The pattern is a further tweaking of Butterick 4254, underbustified, but at this point I couldn’t tell you anything else about what changes I made. Except that I felt like I had finally wrapped my head around a construction order that let me fit as I went, with the result that this is the comfiest corset I’ve ever made. It’s a bit big, in that I can lace it completely closed, but the shape is just right. (I was aware that it was coming out big and left it that way as it’s an “outer” corset and I wasn’t sure how much bulk I might add with garments underneath it. Anyway, I wouldn’t want it any tighter than it is when laced closed…

First off, this is NOT the sturdiest method of making a corset. It’s the same one I’ve used for all my corsets, and I havne’t burst a seam yet, but I’m also not wearing any of them for days on end. Five or six hours at a span, rarely more than once a month, and I’m not going for more than an inch or two of reduction.

anime-070It’s the method described in “The Basics of Corset Bulding” by Linda Sparks (mainly used because that’s the book I have. 😉 for making an alterable corset. You construct the front piece with the busk and the back pieces with the grommets, first. Then the other pieces are sewn together, and the seam allowances stitched open to make bone casings. But this time, I put in the bones around the grommets in the back, and then tweaked the fit—finalized some seams and added bones, and tweaked a little more—and so on until everything was just right.  This let me get the fit I like, the shape I like, AND end up with a super comfy corset, so I’m pretty stoked.

anime-162For fun, I added small sections of cording in the front. I think a bigger or firmer cord would’ve been a good idea, but they were fun.

And then I completely failed to take blog-worthy photos for almost a year. Sorry?

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Walking with Wendy Marvel and Terry Bogard.

Well,it finally got an outing at the local comics expo this fall, and I managed to wrangle my sister-in-law into taking photos beforehand, so meet my  vaguely-airship-pirate outfit! (It’d be really nice if I could manage to blog the girls’ outfits, too, but we’ll see how I do. Oh, and the pants I’m wearing, which are Vogue 9210. They’re fun. And hard to photograph.)

anime-084My sister-in-law shot us amidst gorgeous autumn leaves, which are lovely and natural and not really suited to an outfit that demands wrought iron and gaslight, but I wasn’t willing to go further than the next-door park on that particular morning, so I’ll take it.

anime-73That’s the same white pintucked (not made by me) blouse I wore last year, come to think of it.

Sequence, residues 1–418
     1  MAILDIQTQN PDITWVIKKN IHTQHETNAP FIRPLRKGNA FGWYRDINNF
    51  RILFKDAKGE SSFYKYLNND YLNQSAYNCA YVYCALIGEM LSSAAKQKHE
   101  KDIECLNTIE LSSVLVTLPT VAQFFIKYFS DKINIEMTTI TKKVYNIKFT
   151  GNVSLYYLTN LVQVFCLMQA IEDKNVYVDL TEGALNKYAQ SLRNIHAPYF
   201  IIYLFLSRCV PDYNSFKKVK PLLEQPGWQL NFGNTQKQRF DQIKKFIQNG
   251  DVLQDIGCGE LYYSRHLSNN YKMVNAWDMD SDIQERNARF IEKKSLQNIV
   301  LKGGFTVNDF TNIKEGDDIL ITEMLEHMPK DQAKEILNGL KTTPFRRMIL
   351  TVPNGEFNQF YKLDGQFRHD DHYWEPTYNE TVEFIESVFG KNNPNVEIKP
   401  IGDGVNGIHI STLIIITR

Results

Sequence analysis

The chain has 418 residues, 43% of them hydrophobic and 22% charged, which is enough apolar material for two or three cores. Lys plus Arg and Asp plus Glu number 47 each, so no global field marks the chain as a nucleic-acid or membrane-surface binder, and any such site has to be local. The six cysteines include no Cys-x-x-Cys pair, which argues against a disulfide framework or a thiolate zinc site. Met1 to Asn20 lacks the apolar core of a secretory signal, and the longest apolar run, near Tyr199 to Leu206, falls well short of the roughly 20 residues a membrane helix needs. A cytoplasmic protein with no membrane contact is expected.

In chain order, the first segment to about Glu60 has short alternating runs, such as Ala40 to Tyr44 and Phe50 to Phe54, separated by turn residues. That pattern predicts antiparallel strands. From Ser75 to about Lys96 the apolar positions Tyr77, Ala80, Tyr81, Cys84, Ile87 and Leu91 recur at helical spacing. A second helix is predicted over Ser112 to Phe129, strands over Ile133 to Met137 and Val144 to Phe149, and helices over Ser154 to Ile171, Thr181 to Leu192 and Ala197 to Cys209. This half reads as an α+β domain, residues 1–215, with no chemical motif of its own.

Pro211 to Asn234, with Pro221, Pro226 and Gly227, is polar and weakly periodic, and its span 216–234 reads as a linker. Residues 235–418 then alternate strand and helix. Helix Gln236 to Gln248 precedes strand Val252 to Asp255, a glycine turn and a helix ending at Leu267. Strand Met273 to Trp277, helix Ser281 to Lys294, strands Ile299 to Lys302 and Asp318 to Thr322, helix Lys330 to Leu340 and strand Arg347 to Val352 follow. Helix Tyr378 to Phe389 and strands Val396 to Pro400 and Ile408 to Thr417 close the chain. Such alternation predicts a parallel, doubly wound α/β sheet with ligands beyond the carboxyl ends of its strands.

anime-138The camo coat wasn’t actually the best topper for the outfit—it kinda swamped the corset & hip decor, though it looked cool from certain angles. I have enough of the  faux suede left to make a matching jacket; I’m thinking something cropped and faux-military would be fun. Maybe in another year?

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Hallowe’en Roundup

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Actual Hallowe’en photo

Okay, why is it so hard to get good Hallowe’en photos? every year I vow that I will, and every year I end up with a couple of fuzzy shots of kids running away to the next house while trick-or-treating. >_<

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The best actual Hallowe’en picture.

Anyway, I’d say the Steampunk costumes were a success, at least as costumes. As costumes for Hallowe’en in Saskatchewan… not so much. I think the last several years in balmy southern Alberta kind of messed with my head in the Hallowe’en-costume-planning department. Note To Tanit: Saskatchewan Hallowe’en costumes should be: showing NO skin, ideally can cover a snow suit. Scarves are a bonus.

It took me the better part of a month to work up the energy to wrangle the girls back into costume (and makeup), and at this point I’m really too tired of all of it to do much introspection. Which is too bad, because there’s probably a fair bit left to say, if only about the jackets.

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Yes, so late the Christmas tree is already up.
(Note—I didn’t put the tree up.)

OK, I know you pretty much saw that one already. Anyway, prepare for pretty much a photo essay, with minimal commentary.

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Tyo, giving me crap for taking the photos so late.

Pocket watches were an important elements of the costumes.

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A long-awaited closeup of Syo’s hat

I must confess, I think Syo’s hat with the painted holly berries actually crosses the seasons nicely.